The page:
Musings On The Equivalent Persuasive Value Of Comparable Evidence
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Musings On The Equivalent Persuasive
Value Of Comparable Evidence
By Joseph P. Whalen (Thursday, July 30, 2015)
“On appeal, the petitioner asserts, in part, that he has established
his eligibility for the petition based on comparable evidence
under the regulation at 8 C.F.R. § 204.5(h)(4). On November 25,
2014, we issued a request for evidence (RFE), in which we
concluded that the evidence shows that the petitioner seeks to
work in the field of pipe organ building and requested that he
submit additional evidence that might further develop his
reliance on comparable evidence. Specifically, we requested:
Comparable evidence that is either equivalent to any one
or more of the ten types of evidence listed under 8 C.F.R.
§ 204.5(h)(3)(i)-(x), or that is of equivalent persuasive
value, that establishes the petitioner meets the
antecedent procedural requirements for the petition; …”
JUN182015_01B2203.pdf, at p. 2.
Wow! That phrase jumped out at me---“equivalent persuasive value”.
Another thing that jumped out at me was that AAO has now backed away
from its previous stance on comparable evidence. They previously demanded
that none of the ten criteria at 8 C.F.R. § 204.5(h)(3)(i)-(x) applied. In this case
decision, AAO is asking for an explanation as to why any one or more of the
ten types of evidence in the criteria at 8 C.F.R. § 204.5(h)(3)(i)-(x) do not apply.
Wow! That is a big change from prior practice. No matter which way it has to
be, it seems to be a lot harder than it seems at first blush. It’s one thing to
say it and another to do it. While I fully understand and acknowledge that
AAO does not announce any policy changes in its non-precedential decisions,
we can gain insights into the practical applications that are in fact happening
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in this field. The difference between precedent and non-precedent decisions
is explained in the November 18, 2013, Policy Memorandum entitled:
Precedent and Non-Precedent Decisions of the Administrative Appeals Office
Here is how AAO phrased stated this issue.
“If the above standards do not readily apply to the beneficiary's
occupation, the petitioner may submit comparable evidence to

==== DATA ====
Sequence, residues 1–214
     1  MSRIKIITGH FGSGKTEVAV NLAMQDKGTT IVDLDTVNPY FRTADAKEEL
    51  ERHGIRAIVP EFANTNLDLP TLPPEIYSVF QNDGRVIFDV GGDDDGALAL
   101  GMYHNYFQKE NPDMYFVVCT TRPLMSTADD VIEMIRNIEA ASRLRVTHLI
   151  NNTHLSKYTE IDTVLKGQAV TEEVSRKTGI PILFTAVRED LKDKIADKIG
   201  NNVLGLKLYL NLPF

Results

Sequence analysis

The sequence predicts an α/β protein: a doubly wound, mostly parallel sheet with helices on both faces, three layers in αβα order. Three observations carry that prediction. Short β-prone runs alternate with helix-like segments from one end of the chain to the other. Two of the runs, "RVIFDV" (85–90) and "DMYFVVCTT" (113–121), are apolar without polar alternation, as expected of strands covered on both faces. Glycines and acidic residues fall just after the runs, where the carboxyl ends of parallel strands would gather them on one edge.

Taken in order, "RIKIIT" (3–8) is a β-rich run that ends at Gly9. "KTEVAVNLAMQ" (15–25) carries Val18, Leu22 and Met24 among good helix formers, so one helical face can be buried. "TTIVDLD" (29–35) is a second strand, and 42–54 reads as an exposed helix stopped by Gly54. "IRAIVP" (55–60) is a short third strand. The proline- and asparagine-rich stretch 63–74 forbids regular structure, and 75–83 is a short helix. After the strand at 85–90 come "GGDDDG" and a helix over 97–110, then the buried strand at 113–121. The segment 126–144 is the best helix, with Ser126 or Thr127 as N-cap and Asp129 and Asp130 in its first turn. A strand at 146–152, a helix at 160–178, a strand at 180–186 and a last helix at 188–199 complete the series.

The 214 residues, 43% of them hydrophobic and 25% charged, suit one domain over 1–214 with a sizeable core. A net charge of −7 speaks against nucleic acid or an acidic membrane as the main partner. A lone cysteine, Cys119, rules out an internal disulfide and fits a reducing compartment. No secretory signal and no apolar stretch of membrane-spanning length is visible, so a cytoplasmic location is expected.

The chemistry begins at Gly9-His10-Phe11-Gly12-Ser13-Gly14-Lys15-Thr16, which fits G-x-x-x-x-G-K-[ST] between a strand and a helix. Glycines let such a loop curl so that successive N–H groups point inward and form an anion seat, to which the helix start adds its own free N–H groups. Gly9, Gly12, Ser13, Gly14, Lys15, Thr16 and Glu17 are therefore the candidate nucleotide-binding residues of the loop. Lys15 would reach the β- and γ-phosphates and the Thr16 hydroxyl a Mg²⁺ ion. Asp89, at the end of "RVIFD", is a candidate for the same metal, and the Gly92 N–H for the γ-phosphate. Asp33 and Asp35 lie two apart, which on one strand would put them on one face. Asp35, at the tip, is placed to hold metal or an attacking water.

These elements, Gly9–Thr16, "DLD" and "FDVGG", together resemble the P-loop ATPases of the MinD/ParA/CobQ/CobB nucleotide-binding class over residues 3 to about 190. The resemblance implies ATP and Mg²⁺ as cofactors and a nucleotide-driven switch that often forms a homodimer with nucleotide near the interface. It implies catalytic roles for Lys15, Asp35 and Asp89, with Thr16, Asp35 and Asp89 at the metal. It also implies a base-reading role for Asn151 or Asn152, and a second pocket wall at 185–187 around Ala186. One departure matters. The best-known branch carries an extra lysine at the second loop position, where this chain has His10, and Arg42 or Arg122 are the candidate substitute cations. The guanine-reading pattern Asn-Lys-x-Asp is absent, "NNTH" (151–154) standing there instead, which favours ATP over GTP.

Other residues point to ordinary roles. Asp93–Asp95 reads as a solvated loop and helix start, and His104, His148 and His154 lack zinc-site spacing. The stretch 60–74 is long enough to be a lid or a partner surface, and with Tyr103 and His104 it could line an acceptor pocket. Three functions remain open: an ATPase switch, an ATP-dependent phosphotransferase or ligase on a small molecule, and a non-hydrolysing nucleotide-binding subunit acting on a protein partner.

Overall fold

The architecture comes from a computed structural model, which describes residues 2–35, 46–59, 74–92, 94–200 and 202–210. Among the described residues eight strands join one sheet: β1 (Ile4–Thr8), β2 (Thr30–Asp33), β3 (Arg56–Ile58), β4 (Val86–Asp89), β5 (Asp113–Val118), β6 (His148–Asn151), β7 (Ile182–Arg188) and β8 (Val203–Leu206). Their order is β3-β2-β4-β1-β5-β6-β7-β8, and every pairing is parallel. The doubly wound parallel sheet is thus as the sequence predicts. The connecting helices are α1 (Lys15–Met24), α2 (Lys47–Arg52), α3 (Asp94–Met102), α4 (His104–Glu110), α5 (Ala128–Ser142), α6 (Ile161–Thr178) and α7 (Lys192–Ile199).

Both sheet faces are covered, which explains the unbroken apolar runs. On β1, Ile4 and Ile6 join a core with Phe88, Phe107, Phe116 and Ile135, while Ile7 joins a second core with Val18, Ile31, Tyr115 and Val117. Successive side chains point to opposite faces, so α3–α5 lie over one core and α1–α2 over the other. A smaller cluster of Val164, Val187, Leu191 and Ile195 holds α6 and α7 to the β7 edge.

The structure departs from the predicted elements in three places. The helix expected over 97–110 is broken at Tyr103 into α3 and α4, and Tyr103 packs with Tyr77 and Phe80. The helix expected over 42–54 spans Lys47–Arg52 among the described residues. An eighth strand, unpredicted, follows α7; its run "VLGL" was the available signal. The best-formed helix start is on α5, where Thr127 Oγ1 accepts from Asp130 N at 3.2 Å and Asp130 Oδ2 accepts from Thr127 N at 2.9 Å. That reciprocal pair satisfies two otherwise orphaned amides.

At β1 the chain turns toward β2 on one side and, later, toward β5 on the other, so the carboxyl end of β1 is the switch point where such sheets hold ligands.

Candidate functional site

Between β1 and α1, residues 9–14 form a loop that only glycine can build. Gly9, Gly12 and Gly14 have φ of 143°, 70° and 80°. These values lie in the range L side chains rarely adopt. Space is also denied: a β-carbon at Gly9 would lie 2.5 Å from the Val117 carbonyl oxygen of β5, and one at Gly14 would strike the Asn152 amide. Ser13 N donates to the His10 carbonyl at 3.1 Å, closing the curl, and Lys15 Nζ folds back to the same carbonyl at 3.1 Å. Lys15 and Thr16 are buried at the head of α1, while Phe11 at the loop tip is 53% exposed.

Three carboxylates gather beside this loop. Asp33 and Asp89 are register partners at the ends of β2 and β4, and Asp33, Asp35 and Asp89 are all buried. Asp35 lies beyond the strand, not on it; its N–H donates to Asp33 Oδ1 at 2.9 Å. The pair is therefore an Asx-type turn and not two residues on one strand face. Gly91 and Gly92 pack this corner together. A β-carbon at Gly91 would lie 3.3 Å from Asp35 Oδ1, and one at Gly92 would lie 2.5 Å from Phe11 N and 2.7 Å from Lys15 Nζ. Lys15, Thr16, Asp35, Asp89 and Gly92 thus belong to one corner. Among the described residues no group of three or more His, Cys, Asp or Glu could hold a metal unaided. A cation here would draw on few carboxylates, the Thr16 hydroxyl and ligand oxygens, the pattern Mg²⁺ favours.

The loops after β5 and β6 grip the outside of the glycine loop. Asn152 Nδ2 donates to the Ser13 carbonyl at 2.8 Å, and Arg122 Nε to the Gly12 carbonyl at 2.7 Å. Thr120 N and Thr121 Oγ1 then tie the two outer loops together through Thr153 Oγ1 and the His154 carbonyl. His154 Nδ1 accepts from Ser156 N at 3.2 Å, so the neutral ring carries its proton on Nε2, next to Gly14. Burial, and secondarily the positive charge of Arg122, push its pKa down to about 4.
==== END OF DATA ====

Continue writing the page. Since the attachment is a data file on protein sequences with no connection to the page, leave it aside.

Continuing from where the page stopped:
establish the beneficiary's eligibility. 8 C.F.R. § 204.5(h)(4).
The director concluded that the petitioner had not submitted
evidence of the display of his work at artistic exhibitions or
showcases pursuant to 8 C.F.R. § 204.5(h)(3)(vii). On appeal, the
petitioner asserts that the evidence he submitted in support of
that criterion constitutes comparable evidence under the
regulation at 8 C.F.R. § 204.5(h)(4). Given the unique nature of
the petitioner's occupation, we accept that the petitioner may
rely on evidence that is comparable to the standards set forth at
8 C.F.R § 204.5(h)(3). The next question, however, is whether the
evidence on which the petitioner relies is, in fact, comparable.
Accordingly, we issued an RFE in which we requested specific
evidence and information that might develop the petitioner's
reliance on comparable evidence. The petitioner did not
respond.” Id. at p. 6.
I would love to see AAO’s RFE in order to get a better grasp of
the types of evidence that may have been loosely suggested.
From what little is available in this non-precedent, I can
deduce a “comparable evidence framework”. I offer the following
list of steps as my best guess on how to proceed in the future. This
is only my take on how to generalize from the specific in order
to devise an adjudicative framework for practical application.
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The successful framework will be one that can be reused with
only slight variations based on an individual criterion from the
list of ten found at 8 C.F.R. § 204.5(h)(3)(i)-(x).2
1) The first step is to isolate and describe the unique nature of the
2) The next step is to effectively select a criterion from the list of
ten that has a quality about it that could apply with some slight
3) Then break it down and pull it apart in order fully understand
the components of the selected criterion.
4) Next is the step where the petitioner must carefully select the
proposed comparable evidence.
5) Finally, the petitioner must satisfactorily explain how the
proffered evidence is qualitatively comparable and sufficient to
demonstrate the essential components of the selected criterion.
I can only hope that this simple series of steps is of some use to
someone. If it helps just one person then it will have been time
well spent writing it.
Dated this 30th day of July, 2015
/s/ Joseph P. Whalen
That’s my two-cents, for now!
This essay uses the E1-1 (EB-1A) immigrant visa for Aliens of Extraordinary Ability as a working model to devise an
adjudicative framework for practical application but it can apply to other categories that contain a “comparable
evidence” option such as the O-1 nonimmigrant visa for Individuals with Extraordinary Ability or Achievement.
Digitally signed by Joseph P. Whalen
DN: cn=Joseph P. Whalen, o, ou, firstname.lastname@example.org, c=US
Date: 2015.07.30 00:19:51 -04'00'